H-SAN LUIS OBISPO COUNTY

Mar 5, 2013 9:26 PM by Cameron Polom, KSBY News

Budget cuts could impact WIC program


The sequester is in effect, and overall impacts remain unknown.
But those who help low-income families say their clients could be hit hard.
One program bracing for those blows is called the women,infants and children program or simply WIC.
It provides food and nutritional supplements to low income women, infants and children. At this point the state says it's too early to tell how the cuts will be made. However, with more than 4900 people receiving benefits in San Luis Obispo County alone, officials of the program are paying close attention to Washington.

Ana Deydi knows first-hand what it's like to grow up hungry.

"My mom raised us on her own, with my two brothers and she didn't have WIC, we didn't have a lot to eat, sometimes we only to ate twice a day," said Deydi.

Growing up in a single parent household, she swore she wouldn't let her two year old daughter deal with that same uncertainty.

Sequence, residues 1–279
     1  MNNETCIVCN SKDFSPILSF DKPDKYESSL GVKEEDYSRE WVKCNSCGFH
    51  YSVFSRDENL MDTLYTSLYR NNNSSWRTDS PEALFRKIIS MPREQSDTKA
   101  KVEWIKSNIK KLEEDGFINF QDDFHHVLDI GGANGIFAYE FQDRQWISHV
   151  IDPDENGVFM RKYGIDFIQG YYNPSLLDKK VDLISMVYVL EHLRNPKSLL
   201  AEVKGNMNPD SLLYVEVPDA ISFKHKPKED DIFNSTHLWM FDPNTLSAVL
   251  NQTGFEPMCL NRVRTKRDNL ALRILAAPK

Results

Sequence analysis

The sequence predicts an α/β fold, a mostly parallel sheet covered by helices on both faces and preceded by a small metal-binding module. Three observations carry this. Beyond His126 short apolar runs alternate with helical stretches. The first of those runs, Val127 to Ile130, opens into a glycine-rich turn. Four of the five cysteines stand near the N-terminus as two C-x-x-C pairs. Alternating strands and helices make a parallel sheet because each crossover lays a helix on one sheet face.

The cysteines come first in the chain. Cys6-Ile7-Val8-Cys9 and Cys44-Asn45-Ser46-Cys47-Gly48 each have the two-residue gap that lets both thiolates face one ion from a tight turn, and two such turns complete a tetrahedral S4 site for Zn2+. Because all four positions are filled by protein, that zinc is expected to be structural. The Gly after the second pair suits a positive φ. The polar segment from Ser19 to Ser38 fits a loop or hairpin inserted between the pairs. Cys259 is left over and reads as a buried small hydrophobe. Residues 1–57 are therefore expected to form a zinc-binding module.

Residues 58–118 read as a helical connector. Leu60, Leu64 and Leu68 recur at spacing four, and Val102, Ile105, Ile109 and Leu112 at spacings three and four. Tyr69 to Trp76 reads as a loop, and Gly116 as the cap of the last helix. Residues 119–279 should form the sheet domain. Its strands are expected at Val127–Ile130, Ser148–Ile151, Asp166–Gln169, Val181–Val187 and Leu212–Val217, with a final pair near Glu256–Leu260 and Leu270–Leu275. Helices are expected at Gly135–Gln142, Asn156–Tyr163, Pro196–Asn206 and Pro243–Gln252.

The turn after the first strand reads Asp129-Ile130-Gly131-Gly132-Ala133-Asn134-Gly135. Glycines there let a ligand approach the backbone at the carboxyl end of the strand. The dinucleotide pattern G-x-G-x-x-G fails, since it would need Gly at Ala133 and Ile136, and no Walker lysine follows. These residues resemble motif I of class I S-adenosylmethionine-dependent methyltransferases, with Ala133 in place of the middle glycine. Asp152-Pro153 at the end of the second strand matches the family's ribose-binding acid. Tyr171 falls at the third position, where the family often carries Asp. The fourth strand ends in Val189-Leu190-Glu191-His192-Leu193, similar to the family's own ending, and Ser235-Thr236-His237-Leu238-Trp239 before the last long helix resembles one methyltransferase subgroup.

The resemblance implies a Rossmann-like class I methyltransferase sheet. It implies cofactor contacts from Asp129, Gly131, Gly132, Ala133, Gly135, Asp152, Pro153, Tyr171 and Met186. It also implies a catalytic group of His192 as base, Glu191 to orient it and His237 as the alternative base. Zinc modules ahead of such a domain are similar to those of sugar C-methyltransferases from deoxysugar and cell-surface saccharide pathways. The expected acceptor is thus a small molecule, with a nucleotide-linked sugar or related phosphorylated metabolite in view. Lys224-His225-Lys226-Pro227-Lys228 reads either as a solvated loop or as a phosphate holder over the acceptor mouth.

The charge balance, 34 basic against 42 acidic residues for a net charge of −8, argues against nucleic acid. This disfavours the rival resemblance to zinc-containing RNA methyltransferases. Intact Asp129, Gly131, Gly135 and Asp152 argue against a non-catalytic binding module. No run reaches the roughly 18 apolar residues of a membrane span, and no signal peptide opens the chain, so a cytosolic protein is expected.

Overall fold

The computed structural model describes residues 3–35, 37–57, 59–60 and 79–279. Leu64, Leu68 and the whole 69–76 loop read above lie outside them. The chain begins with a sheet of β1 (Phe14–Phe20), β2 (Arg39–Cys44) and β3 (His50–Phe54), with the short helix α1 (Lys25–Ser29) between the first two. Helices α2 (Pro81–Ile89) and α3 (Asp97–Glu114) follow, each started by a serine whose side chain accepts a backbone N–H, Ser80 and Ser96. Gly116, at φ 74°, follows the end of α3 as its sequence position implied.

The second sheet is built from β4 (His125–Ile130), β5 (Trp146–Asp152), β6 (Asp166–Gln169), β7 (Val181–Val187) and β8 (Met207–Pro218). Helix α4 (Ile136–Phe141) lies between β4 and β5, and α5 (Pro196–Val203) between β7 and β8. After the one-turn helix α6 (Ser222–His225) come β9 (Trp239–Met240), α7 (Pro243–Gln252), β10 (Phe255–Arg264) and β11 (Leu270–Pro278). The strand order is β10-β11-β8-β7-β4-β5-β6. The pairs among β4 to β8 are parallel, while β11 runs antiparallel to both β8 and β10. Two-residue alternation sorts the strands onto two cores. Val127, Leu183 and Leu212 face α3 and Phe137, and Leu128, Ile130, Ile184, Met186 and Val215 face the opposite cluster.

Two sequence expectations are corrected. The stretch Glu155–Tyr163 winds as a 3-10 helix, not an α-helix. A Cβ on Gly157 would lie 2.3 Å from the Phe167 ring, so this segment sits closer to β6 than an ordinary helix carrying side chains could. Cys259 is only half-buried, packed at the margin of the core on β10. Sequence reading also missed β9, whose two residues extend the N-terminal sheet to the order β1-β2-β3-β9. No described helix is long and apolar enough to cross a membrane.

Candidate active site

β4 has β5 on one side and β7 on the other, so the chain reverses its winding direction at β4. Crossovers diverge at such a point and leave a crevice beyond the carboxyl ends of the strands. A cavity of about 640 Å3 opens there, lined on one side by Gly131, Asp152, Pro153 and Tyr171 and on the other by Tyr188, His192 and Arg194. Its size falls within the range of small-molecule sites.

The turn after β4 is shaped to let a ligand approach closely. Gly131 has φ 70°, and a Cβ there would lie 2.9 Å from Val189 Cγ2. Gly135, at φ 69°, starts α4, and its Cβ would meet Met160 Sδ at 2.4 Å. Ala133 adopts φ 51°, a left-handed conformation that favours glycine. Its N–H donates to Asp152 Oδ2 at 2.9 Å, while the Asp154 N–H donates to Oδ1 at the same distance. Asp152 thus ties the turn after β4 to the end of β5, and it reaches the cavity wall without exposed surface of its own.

"I had her when I was sixteen, you know what am I going to do, mommy's struggling, I don't have money, how am I going to feed her," said Deydi.

That's when she turned to WIC as a safety net.
However now automatic spending cuts threaten that security.
And if an agreement isn't made in Washington the program could cut as many as 600,000 women and children off nationwide.
However officials in San Luis Obispo say the impact could be even greater than that.

"In a month, the WIC program is putting in approximately $307,000 into the local community," said Linda Mcclure.

That means more than $3.6 million ends up spent in the local San Luis Obispo economy every year.
And that's not all, according to program director Linda Mcclure, for every dollar spent in the WIC program, it saves the federal government $4.20 in medical costs.

Simple math, for a simple answer.

"I think the WIC program is the best place for the funding to be," said Mcclure.

The cuts haven't happened yet but if they do they'll be felt at the dinner table.

"We struggle, but thanks to WIC, we have milk and bread and hope, and it really helps," said Deydi.

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